By Jay Forte, Contributing Reporter
RIO DE JANEIRO, BRAZIL – Students from The British School, Rio de Janeiro have recently completed a course in the month of November aimed at engaging in social development causes in Brazil. The class helped design, plan and deliver educational lessons to underprivileged and at risk children at PESCA (Projeto Educacional e Social Casa da Amizade – Educational and Social Project – Casa da Amizade).
As part of the Global Perspectives IGCSE, the students of The British School, complete a group work activity, worth thirty percent of their course. The idea of supporting this NGO came as part of the students’ Global Perspectives group project and the school felt that this offered the students the perfect opportunity to teach and learn from people from a disadvantaged background.
Participating student Ana Carolina Guimarães explained; “In our Global Perspective lessons, one of our topics was about the differences that exist today around the world. Our Global Perspectives class was taken to PESCA which is a school community that gives lesson to less fortunate children.”
“Before we went to PESCA, we had to complete a lesson plan to teach the children of a specific age group. In the lesson plan, we had to fill in on what the warm-up would be, the main activities which we would do and the plenary which would end the project,” recounted Guimarães.
For more than fifty years the NGO called PESCA has been working with impoverished communities around Engenho Novo, Rio de Janeiro, catering specifically for educational and social needs. In 1956, they received a donation of the property in Rua Miguel Galvão, 30 which became their headquarters, at that time an American Lady called Catherine Flo Chappell was the director of the institution.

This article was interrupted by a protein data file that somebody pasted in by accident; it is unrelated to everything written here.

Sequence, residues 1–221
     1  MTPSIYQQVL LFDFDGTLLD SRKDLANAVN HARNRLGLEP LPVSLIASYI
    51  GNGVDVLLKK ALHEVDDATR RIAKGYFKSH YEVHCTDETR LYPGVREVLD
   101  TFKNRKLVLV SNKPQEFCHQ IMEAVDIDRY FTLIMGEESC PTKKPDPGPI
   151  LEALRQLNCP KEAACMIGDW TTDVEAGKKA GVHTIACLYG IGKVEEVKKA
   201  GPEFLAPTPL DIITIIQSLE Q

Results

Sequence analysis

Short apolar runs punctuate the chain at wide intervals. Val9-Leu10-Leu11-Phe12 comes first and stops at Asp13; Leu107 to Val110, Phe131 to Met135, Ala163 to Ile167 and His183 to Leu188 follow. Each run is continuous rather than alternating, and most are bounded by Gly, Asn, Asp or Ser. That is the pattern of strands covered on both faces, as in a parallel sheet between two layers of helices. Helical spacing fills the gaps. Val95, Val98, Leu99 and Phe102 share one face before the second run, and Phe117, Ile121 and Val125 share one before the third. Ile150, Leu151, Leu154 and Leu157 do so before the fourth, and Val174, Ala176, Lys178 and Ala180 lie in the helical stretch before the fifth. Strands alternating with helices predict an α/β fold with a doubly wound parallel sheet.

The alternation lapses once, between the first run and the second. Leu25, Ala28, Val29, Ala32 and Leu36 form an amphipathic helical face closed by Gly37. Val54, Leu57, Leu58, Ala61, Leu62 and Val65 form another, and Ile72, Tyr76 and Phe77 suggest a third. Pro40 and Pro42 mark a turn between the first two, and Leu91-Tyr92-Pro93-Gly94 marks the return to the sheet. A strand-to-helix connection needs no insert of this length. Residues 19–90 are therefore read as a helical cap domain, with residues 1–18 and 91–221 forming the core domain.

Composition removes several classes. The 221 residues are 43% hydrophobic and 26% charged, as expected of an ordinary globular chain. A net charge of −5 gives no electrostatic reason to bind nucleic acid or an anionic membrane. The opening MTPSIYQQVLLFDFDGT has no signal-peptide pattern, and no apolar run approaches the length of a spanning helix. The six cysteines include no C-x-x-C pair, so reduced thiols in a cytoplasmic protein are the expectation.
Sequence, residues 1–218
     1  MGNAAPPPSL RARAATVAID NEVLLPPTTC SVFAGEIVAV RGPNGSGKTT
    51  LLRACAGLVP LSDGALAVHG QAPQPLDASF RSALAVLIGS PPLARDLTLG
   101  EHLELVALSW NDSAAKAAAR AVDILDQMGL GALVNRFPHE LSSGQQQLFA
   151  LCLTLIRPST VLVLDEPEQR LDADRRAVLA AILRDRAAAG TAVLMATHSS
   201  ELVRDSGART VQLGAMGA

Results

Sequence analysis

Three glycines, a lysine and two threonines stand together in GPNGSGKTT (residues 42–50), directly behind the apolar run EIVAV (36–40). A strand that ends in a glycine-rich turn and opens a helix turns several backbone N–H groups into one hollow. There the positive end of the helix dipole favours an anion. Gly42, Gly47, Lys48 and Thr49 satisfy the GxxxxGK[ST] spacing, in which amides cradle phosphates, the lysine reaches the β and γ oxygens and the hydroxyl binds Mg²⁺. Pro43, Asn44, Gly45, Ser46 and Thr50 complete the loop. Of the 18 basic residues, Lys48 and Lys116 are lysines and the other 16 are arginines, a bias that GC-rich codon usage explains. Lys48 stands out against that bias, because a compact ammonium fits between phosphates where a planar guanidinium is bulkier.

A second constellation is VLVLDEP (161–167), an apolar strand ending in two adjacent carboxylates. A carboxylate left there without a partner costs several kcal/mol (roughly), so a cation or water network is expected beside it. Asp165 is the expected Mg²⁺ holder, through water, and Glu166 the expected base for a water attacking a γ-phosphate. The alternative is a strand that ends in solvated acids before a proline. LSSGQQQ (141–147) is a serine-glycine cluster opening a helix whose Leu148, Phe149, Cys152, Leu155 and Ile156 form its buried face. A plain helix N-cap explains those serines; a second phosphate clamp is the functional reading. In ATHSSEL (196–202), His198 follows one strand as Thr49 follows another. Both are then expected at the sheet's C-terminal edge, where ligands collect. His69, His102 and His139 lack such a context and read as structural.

The NGO PESCA has worked at promoting a better life for those in need by offering: sport and leisure activities, nursery for young children, activities for school-age children, digital training, adult literacy classes, support for elderly people, and community service in; psychology, speech, social, legal advice and more.
The British School believes that supporting PESCA is a tremendous experience, both academic and social, for all involved. Guimarães said, “I had never done something like this before and I was shocked on how many different experiences that this project leads us to. […] These were unforgettable moments and one that I will always cherish in my heart.”
The British School, Rio de Janeiro, founded in 1924, has a long history of social and environmental projects, teaching their students to respect and value the world they live in. In 2012, they also founded a separate The British School Charity to assist various communities throughout Rio de Janeiro through different projects.
* This is a Sponsored article by The British School, Rio de Janeiro.